IBS with Diarrhea (IBS-D)

Most people define diarrhea as loose stools or watery stools. Others think of diarrhea as frequent bowel movements.

Diarrhea is one of the symptoms often associated with irritable bowel syndrome (IBS). The key symptom of IBS is abdominal pain. The pain is associated with a change in the frequency or consistency of stool. The altered bowel habit may be chronic or recurrent diarrhea, or constipation. Some people have both diarrhea and constipation, just at different times. Bloating or distention in the abdomen is also common.

IBS with diarrhea is sometimes referred to as IBS-D.

Learn more about diet strategies for managing chronic diarrhea

IBS in the Real World

In 2002, we contacted a random sample from our IFFGD database of U.S. adults diagnosed with IBS. A total of 350 people took part in telephone interviews. The information gathered reflects the tremendous burden IBS can impose upon a large proportion of sufferers.

Those who experienced IBS with diarrhea reported having multiple symptoms. Nearly all reported…

      • Gas
      • Abdominal pain
      • Sudden urges
      • Loose stools

The most bothersome symptoms of IBS with diarrhea reported were…

      • Abdominal pain or discomfort
      • Sudden urges to have bowel movements

Other common symptoms of IBS with diarrhea were…

      • Frequent stools
      • Feeling of being unable to completely empty at bowel movements
      • Nausea

Loss of bowel control or soiling was reported by about 1 in 3 of these IBS sufferers.

On average the frequency of symptoms reported by diarrhea sufferers translates to over 200 episodes a year for gas and frequent stools.

View the IBS in the Real World Survey – Summary Findings Report »

Living with IBS – Personal Stories

“My ‘stomach problems’ started after a trip to India 9 years ago. I was slightly ill on the trip back but didn’t think anything of it. But 6 months after returning home I was still having diarrhea up to 9 times a day with bloating stomach cramps, extreme tiredness and feeling generally run down. To cut a long story short I have had all the tests and eventually been told that I have IBS.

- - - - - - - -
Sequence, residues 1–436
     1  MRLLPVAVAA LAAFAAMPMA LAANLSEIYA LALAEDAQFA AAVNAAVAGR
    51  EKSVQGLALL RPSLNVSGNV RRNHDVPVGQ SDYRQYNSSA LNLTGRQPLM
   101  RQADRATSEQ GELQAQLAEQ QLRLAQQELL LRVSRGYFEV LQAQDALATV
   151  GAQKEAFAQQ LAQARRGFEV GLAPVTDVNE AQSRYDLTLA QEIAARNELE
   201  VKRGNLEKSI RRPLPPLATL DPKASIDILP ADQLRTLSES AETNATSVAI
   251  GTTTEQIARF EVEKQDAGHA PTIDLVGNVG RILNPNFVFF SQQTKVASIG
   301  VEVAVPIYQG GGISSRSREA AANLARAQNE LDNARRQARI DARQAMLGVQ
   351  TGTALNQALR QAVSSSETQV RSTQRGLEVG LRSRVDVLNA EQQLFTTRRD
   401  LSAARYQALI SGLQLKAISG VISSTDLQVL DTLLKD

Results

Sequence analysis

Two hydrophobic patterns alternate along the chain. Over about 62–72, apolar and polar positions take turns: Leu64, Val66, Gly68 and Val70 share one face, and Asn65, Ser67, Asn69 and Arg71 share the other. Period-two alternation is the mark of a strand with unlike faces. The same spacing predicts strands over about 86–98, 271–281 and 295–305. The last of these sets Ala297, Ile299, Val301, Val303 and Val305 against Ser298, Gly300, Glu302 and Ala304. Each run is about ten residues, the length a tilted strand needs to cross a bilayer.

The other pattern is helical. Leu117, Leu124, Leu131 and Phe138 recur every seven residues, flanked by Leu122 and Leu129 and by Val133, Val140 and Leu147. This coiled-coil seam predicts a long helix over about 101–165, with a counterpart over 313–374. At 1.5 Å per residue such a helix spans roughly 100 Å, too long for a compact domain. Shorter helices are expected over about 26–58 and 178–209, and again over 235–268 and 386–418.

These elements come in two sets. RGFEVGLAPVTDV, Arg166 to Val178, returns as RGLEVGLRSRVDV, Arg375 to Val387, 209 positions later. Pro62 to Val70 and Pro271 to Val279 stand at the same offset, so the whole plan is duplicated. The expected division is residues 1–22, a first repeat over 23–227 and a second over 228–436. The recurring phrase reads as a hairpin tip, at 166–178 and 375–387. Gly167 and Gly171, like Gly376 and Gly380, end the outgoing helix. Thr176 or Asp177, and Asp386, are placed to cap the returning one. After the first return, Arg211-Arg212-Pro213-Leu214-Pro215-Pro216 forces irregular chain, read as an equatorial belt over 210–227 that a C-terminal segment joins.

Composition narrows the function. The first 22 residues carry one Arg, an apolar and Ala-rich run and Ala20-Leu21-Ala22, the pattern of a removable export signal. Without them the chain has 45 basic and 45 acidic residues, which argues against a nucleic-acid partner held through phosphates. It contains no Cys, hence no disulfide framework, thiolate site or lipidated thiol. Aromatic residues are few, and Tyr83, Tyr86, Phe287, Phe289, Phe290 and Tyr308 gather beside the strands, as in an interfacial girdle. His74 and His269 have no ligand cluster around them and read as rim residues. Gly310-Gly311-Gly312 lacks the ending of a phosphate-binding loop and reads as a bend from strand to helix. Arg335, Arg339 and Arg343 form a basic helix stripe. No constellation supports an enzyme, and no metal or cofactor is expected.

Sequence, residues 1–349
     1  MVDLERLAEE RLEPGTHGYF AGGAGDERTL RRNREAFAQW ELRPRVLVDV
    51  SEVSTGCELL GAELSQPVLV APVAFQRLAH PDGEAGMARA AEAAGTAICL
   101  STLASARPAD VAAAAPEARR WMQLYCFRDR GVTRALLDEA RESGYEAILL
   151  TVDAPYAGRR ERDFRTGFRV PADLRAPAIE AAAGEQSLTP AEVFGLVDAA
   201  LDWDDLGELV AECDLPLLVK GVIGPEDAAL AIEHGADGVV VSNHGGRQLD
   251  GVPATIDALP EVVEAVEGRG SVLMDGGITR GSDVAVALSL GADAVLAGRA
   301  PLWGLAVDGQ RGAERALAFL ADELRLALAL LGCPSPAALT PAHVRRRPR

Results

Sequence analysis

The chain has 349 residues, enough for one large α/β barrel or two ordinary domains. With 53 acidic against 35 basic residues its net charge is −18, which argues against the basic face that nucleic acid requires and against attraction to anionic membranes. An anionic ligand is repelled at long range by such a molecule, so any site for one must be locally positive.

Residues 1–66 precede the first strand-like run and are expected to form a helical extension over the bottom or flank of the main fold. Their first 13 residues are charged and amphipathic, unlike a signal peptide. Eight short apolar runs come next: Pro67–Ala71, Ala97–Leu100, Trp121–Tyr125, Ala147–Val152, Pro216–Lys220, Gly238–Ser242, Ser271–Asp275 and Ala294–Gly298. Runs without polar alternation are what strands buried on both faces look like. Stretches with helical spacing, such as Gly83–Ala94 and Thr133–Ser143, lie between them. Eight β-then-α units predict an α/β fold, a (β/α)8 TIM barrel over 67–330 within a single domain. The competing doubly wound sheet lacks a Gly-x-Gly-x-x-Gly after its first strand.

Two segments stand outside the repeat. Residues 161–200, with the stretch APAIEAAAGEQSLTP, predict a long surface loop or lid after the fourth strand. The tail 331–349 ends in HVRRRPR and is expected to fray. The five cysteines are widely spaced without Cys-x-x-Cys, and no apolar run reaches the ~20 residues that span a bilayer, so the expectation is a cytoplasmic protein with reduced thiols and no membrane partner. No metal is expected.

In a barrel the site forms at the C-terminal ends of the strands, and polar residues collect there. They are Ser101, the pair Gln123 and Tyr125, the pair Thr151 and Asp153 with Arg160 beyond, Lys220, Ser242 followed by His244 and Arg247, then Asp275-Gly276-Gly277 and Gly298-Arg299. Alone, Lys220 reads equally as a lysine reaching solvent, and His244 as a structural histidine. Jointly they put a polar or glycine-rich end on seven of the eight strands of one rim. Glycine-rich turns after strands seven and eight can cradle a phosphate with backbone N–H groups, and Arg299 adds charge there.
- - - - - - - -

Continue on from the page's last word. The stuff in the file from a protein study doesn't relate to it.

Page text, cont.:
“It’s been a long and extremely hard journey but life is better. The hardest thing is that other people who don’t have IBS can never understand what its like – even the closet friends get fed up with you always needing toilet stops or stressing about new places. I have to be careful not to let food and bowels run my life but you can find a way to live with IBS.”

“I am a male and have had to deal with IBS-D for about 15 years. My first episode was at a football game and I didn’t make it to the bathroom in time. Very embarrassing and traumatic. I thought ‘What just happened?’ Since then I have had other episodes while traveling that have either been disasters or close calls. Anxiety plays a big role in triggering episodes. I worry about having an accident which causes more anxiety which causes more accident potential – classic with the syndrome!

“I have learned to avoid certain foods and beverages but do occasionally fall off the wagon. Anti-diarrheal and anti-anxiety meds in small doses has helped. Mostly, I scope out the nearest bathrooms and let the chips fall where they may. I love golf and always use the course restrooms whether I need them at the time or not just to be on the safe side. I am up front with my golfing buddies and they understand when I need to rush ahead to the next ‘hole’. Airplane travel is really tough when the light comes on to stay in your seat and you really, really need to go. More than once I have been ‘that guy’ who gets up and rushes down the aisle. My biggest fear is having an accident on a plane or bus while touring. It has restricted my travel plans but my wife has the patience of Job and is very helpful in getting me through the tough times. It helps to write about it. Thanks for listening.”

– From our Personal Stories

Read more stories from others who are living with IBS »

Learn More About Treating Diarrhea

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IFFGD is a nonprofit education and research organization. Our mission is to inform, assist, and support people affected by gastrointestinal disorders.

Our original content is authored specifically for IFFGD readers, in response to your questions and concerns.

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